The Wild Veil Lilac and Vermont Fir Balsam Enfleurage is an organic, whole plant perfume made using the traditional method of cold enfleurage of fresh lilac flowers from my family's 40 year old heirloom French lilacs. I first fixed the pommade with my in-house absolute of Abies balsamea boughs and needles. I had tinctured the raw material, which I gathered sustainably from wild stands of fir balsam in the old growth forest at my childhood home, then used natural evaporation to slowly reduce the solution to an absolute. The absolute is deep green, at 100% concentration and smells like strawberry leather, young conifer tips, and the telltale mark of fir balsam, gumstope:
I gently worked my handmade fir balsam absolute into an emulsion of organic avocado butter and raw beeswax to fix the pommade for enfleurage. I spread this avocado-green scented fat very thin (1/8 inch) and I laid fresh flowers on it, recharging daily until saturated. I only use the individual blossoms (not whole inflorescence or "bunches"). This maximizes surface area and uses as little of the whole plant as possible, while producing an aromatically superior product by isolating and capturing the singular scent of the lilac blossom, without any green stem, branchlet, or leaf aroma. Labor intensive and well worth the end result!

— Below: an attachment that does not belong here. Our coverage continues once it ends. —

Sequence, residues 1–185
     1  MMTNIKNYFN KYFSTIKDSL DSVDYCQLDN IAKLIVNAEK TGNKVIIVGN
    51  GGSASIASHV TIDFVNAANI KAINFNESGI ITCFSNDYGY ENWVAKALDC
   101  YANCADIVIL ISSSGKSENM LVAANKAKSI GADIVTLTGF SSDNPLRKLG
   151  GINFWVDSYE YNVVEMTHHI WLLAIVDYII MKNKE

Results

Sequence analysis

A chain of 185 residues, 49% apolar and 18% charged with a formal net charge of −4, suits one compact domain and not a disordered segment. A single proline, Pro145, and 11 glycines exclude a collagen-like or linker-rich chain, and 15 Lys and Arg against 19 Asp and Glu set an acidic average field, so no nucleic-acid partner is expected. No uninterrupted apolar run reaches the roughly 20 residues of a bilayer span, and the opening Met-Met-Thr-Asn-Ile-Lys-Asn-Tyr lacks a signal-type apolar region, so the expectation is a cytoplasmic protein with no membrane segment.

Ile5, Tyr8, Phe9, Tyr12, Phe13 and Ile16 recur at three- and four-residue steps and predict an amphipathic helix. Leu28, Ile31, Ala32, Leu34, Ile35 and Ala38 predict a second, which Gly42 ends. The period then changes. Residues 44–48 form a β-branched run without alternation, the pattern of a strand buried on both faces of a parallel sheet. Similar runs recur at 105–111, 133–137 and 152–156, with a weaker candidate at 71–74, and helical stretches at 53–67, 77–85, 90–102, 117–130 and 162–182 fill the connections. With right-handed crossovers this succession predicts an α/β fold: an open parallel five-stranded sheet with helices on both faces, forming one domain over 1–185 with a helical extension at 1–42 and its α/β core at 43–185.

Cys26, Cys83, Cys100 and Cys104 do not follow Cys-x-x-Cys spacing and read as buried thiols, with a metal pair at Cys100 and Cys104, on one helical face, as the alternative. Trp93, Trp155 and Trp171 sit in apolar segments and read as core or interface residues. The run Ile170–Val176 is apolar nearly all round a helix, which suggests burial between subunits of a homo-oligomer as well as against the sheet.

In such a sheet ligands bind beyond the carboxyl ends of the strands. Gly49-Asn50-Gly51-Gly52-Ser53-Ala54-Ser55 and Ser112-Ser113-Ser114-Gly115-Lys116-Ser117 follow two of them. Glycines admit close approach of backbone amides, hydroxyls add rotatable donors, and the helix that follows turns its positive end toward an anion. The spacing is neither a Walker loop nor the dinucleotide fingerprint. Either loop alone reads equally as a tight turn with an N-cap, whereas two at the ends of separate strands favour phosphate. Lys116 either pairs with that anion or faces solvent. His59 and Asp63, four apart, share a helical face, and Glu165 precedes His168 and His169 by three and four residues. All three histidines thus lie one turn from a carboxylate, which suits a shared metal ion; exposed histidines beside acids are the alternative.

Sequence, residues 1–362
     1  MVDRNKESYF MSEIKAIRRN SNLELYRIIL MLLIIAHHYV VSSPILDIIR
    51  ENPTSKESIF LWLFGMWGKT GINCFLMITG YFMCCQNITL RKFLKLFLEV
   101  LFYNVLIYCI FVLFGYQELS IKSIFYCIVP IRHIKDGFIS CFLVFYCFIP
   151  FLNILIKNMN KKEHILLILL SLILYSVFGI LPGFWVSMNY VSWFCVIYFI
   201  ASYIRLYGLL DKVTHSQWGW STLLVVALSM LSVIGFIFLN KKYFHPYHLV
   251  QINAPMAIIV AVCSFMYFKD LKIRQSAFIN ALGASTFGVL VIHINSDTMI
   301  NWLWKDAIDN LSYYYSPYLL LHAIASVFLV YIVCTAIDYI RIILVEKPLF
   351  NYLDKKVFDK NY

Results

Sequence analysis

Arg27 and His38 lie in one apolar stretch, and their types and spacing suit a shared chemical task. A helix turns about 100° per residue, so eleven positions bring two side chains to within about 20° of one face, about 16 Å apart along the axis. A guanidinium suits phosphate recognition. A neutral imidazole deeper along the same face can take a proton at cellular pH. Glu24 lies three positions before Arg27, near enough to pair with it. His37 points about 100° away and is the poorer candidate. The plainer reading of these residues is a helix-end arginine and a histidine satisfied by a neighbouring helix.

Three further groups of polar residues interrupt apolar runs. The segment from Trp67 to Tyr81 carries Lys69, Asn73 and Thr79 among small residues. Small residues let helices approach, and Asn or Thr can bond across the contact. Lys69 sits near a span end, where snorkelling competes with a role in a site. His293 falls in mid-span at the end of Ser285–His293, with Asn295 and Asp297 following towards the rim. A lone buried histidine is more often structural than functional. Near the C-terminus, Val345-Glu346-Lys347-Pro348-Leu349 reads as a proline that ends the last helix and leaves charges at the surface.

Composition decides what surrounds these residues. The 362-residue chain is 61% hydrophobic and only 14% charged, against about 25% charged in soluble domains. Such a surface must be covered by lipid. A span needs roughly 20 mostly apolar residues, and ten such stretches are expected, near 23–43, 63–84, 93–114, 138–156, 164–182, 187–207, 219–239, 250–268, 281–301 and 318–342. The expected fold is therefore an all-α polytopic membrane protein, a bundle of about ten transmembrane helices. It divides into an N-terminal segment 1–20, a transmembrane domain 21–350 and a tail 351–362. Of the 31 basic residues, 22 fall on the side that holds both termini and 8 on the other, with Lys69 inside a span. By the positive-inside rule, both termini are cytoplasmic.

To learn more about the enfleurage process generally and at Wild Veil, please continue reading below.
Organic Lilac Enfleurage. An organic, handmade, botanical solid perfume produced by hand using the slow artisanal process of cold enfleurage from my family's 35 year old heirloom French lilacs. Please note, this is a natural, organic lilac perfume-- a rarity. The scent is exquisite, but delicate. I have a limited quantity.
Here, I have used enfleurage to capture the the ephemeral scent of blooming lilac. This "pommade" (highly scented solid perfume-- not to be confused with pomade for hair!) consists of thousands of individual organic lilac blossoms that I gathered from my perfume gardens, laid onto an emulsion of organic avocado butter and raw beeswax. I repeated this process over the several weeks they were in bloom to reach a degree of fragrance saturation. A lilac aroma that is true to the flower is notoriously difficult to capture and bottle. In my enfleurage, the scent is floral, green, and delicate. It is very much the opposite of the shrill, overpowering version of the synthetic floral you find at the fragrance counter. Only you and those closest to you will be able to smell it. Its green sweetness wrapped in pillows of silky butter. Apply to pulse points.